3. The mind-control shackles tighten:

First they came for Roald Dahl
And I did not speak out
Because I was not a Willie Wonka fan
Then they came for James Bond
And I did not speak out
Because spy novels are beneath me
Then they came for Agatha Christie….

Yes. the iconic mystery writer is the latest to have her works censored and bowdlerized to suit the relentless agenda of the censorious, history-airbrushing Left. Harper Collins’ new editions of Christie’s books have been “rewritten for modern sensitivities.”

4. Alvin Bragg has a lot of explaining to do. It is now a week since we were warned to expect the Manhattan D.A.’s grand jury (headed up by a giggling, unserious publicity hound) to hand down a historic indictment against former President Donald Trump. Since then, all meetings of the panel have been cancelled, and the suspicion is that Bragg has been told by his Dark Democratic Masters that such an indictment would be a political boomerang for the party, causing him to have second thoughts.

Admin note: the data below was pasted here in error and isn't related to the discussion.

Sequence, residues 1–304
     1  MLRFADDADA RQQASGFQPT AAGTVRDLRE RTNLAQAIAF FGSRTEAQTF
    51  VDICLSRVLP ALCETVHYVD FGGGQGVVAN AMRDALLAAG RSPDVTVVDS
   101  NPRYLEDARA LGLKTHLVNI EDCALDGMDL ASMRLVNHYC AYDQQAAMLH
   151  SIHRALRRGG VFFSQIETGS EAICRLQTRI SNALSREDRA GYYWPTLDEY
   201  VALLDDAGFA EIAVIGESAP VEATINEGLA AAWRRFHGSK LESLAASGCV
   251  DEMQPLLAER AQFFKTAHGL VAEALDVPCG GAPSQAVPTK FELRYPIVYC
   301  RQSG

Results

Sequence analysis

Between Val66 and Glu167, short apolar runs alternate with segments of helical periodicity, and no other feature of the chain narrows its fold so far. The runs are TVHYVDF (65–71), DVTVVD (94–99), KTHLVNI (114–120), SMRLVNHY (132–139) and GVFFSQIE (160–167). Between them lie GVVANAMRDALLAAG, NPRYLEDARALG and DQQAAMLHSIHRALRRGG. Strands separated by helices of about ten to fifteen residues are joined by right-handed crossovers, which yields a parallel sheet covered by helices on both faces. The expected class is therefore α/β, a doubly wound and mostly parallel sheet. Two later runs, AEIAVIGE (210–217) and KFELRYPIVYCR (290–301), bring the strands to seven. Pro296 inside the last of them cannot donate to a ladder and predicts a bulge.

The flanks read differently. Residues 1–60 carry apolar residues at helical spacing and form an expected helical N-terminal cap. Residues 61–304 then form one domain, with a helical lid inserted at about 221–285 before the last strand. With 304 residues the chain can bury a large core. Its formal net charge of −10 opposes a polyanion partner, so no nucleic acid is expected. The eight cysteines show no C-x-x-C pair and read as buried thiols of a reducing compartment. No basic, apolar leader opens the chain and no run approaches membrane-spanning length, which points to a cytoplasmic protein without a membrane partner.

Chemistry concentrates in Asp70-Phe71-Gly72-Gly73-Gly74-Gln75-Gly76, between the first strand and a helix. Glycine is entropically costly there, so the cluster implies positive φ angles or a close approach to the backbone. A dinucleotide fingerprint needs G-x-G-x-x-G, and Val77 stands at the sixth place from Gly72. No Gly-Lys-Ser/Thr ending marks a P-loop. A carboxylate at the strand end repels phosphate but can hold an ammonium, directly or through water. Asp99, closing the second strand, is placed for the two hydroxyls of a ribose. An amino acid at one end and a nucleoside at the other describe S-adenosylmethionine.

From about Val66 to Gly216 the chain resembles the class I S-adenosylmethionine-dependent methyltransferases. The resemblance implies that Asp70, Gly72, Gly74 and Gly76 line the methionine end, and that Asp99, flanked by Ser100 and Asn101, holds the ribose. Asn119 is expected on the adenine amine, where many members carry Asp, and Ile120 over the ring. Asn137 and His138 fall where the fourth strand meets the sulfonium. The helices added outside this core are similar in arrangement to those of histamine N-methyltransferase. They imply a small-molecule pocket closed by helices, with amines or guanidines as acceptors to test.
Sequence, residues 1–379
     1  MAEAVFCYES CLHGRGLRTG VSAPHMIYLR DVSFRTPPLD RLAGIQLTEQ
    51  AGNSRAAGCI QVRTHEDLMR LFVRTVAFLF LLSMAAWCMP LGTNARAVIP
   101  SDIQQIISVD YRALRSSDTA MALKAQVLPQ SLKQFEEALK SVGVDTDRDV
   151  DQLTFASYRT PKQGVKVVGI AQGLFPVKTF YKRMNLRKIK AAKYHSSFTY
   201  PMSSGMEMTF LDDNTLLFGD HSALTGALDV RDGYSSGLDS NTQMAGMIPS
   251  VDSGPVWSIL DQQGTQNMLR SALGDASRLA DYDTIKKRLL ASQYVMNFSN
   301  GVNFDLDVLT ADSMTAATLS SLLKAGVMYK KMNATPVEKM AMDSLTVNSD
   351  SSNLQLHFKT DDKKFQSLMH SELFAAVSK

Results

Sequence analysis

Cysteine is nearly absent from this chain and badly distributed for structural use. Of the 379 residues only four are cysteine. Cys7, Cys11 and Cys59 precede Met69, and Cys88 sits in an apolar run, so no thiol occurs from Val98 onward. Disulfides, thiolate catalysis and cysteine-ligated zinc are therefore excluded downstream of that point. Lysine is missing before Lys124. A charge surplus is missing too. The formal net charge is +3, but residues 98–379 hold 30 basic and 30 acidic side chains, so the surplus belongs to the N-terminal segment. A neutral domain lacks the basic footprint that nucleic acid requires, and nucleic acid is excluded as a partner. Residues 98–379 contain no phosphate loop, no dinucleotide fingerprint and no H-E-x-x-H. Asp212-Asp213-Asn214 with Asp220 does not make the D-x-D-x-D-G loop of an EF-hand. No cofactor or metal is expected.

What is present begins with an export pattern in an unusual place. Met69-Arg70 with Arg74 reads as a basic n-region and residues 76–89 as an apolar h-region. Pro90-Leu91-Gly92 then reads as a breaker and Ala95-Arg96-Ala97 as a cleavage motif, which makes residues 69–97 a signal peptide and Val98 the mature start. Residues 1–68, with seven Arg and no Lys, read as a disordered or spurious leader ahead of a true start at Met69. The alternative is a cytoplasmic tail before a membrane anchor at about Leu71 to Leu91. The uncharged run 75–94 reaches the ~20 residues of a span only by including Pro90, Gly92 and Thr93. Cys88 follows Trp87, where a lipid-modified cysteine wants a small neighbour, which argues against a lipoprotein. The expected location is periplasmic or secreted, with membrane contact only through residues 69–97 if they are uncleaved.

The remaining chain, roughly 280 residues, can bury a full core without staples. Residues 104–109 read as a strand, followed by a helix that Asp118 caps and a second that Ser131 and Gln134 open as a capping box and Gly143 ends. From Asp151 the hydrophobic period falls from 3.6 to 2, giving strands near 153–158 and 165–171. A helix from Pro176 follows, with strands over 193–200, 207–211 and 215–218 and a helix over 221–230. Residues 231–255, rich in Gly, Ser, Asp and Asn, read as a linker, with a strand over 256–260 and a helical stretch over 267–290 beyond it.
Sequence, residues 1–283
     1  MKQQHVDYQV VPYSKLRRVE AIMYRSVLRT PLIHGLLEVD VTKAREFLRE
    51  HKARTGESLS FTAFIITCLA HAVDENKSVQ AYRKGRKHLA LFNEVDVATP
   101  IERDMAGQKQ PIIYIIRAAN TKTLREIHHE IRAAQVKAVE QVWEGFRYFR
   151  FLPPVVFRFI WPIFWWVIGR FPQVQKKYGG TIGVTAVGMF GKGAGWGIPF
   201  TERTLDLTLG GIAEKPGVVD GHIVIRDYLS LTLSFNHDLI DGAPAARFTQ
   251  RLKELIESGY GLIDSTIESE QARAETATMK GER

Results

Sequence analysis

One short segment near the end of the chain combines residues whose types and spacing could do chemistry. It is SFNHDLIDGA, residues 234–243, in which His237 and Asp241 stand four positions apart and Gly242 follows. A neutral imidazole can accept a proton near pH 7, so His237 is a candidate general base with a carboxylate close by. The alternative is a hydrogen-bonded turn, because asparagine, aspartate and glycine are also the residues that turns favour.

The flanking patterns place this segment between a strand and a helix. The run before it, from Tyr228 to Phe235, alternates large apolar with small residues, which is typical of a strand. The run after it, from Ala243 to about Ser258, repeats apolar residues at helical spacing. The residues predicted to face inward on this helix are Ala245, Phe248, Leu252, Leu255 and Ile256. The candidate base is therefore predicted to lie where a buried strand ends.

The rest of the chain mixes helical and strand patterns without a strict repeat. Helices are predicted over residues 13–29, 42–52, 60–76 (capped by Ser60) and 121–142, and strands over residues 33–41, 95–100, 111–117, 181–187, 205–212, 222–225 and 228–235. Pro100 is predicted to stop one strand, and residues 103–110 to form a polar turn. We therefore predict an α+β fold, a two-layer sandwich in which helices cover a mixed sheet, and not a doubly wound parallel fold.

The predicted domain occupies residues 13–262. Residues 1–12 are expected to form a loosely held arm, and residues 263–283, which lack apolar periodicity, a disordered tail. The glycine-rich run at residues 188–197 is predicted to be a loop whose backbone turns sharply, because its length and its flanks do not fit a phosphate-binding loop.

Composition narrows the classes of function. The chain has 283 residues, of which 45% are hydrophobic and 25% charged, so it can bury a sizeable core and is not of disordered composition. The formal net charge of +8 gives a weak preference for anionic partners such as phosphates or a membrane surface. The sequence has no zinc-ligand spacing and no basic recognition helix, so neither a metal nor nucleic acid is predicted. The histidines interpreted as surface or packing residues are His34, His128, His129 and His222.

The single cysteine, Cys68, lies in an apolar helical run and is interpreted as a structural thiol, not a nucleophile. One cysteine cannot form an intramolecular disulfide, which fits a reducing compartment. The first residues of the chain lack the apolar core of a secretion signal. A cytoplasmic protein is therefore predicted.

The ethics of this fiasco are quite simple: if Bragg has a legitimate case to bring against Trump and believes he can be convicted in a fair trial before an objective jury, the D.A. should continue on the previous path. If he does not, then he should announce that in the end the grand jury determined that there was not sufficient evidence to issue an indictment. Political considerations should play no part in either decision, for to allow them to do so is a bright line legal ethics breach.

Now MSNBC’s legal analyst Glenn Kirshner, a left-wing hack, but I repeat myself, is arguing that Trump’s typically uncivil and irresponsible social media posts regarding the supposedly impending charges are attempts “to intimidate the district attorney and constituted a violation of a New York state laws,” in particular, Section 195.05, “obstructing governmental administration in the second degree.”